fearin' man, an' ah knows yo' wants t' do right. Cause . . .
yo' know hit says . . . the longes' road mus' ha' some en-
din', but a good name endureth fo'evah." On this
dramatic and veiled note of warning the huge white-
draped woman ended.
Everyone was quiet, but there was a faint expectant
shuffling of feet as the people looked at Lowe Junior.
"Tain't no call t' fret yo'se'f," he said. "01' woman
wuz ol' an now she gone. Ah be aburyin' her tonight."
There was a quickly stifled murmur from the people. No
one spoke, and Lowe Junior continued more softly.
"Tain't that whut yo' say ain't got right to hit, Sta'
Beulah, 'cause hit do. But hits no law say thet effen yo'
buryin' t' do, hit cain't be done in the night."
"Yas, Brothah Culvah, effen yo' got t' do hit. Doan
seem like me hits no hurry ..." Beulah said.
"Yas'm, hit is a hurry. See, ah feel like ah should take
care o' this thang personal. Ol' woman raise me from when
ah wuz young, ah wants t' take care o' the buryin' per-
"Whut's wrong with t' morrow? Yo' answer me thet."
"Be no tellin' jes' where ah'll be t'morrow," Lowe
Junior said, lifting one end of the cofin and asking Ben
Haskell to help with the other end. They took it into the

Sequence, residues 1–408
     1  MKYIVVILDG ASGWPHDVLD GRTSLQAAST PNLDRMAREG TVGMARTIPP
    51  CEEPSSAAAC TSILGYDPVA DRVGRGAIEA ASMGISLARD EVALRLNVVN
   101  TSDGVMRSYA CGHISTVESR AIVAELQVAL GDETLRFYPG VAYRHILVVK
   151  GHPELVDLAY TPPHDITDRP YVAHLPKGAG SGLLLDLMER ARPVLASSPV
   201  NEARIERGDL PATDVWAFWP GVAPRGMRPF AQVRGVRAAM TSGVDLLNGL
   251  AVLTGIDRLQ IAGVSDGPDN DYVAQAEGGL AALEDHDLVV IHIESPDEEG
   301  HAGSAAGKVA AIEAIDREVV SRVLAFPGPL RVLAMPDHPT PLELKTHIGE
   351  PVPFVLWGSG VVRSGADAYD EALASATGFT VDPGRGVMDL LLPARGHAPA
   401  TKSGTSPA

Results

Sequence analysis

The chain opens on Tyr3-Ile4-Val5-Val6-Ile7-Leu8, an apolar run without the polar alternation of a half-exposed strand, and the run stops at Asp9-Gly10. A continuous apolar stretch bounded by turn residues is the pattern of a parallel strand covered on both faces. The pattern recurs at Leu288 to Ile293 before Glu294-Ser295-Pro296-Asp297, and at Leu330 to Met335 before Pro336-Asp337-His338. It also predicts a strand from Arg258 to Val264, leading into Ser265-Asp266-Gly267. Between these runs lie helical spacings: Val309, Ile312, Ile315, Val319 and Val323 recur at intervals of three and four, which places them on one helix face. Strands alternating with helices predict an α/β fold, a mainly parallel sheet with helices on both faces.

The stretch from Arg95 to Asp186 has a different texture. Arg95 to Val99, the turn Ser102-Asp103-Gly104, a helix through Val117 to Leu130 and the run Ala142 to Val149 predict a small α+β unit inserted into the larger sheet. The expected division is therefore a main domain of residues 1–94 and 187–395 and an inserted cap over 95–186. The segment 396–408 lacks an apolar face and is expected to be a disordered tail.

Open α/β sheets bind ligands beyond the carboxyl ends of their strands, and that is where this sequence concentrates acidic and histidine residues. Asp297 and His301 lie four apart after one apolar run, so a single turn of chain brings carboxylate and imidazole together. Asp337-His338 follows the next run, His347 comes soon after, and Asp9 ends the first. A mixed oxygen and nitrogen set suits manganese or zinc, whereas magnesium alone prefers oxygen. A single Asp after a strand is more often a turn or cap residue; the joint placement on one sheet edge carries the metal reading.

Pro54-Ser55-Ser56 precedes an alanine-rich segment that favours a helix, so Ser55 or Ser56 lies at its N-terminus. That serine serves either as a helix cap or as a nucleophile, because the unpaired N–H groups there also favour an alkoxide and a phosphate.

shack to receive the body.
"Hey, Lows, yo' sho' nuff fixin' t' leave?" Ben could
not keep the excitement out of his voice.
"Thass right," Lowe Junior's first knowledge of his
decision had come when he heard himself telling Beulah, a
"Yo' mean yo' ain't even gon' stay t' make yo' crop?"
"Any one o' yo' all wants t' work hit is welcome t' my
share. Ah'll sign a paper so Mist' Peterson and mist'
Odum'll know." Temptation and fear struggled in Ben's
eyes, and finally he said only, "Ah'll tell d' other'ns . . .
but supposin' no one wants t' take hit?"
"Yo' mean 'bout Mist' Peterson . . . well, he got mo'
cotton. Pack is, he got 'bout all theah is."
"Lawd's truth," Ben agreed, and went quickly to share
the news with the men in the yard. There the women were
grouped around Sister Beulah who was threatening to go
home. After what she judged to be sufficient entreaty to